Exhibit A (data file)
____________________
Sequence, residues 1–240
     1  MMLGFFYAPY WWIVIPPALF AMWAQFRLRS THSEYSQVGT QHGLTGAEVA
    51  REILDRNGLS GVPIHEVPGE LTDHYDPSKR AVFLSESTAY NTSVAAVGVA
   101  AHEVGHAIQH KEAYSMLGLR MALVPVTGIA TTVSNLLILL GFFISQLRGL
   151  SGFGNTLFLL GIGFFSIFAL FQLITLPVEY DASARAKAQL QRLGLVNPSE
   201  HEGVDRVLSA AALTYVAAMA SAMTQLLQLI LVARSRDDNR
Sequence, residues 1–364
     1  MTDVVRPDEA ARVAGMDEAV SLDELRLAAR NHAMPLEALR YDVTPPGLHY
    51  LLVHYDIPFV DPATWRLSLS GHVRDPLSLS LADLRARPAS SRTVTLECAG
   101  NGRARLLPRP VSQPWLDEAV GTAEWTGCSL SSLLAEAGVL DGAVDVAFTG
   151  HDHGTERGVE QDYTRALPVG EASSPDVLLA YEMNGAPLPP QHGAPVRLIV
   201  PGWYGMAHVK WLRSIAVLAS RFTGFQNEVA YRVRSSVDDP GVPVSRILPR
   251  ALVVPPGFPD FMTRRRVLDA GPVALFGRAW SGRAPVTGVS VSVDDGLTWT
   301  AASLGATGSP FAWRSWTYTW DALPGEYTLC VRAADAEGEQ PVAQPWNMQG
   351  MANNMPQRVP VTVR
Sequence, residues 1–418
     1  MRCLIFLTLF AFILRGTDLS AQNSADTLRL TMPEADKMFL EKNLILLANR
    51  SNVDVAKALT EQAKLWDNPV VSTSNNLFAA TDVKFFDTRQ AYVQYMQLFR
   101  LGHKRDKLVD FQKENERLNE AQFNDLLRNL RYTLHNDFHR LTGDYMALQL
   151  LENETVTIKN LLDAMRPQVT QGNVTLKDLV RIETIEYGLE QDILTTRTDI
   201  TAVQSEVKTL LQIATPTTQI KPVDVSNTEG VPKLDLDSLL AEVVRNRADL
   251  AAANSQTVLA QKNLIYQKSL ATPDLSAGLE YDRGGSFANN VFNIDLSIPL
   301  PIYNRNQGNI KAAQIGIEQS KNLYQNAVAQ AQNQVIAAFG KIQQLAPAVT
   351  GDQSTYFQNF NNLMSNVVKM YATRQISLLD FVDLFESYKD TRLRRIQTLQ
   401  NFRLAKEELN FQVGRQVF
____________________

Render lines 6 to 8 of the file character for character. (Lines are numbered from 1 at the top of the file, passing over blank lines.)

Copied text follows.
   201  HEGVDRVLSA AALTYVAAMA SAMTQLLQLI LVARSRDDNR
Sequence, residues 1–364
     1  MTDVVRPDEA ARVAGMDEAV SLDELRLAAR NHAMPLEALR YDVTPPGLHY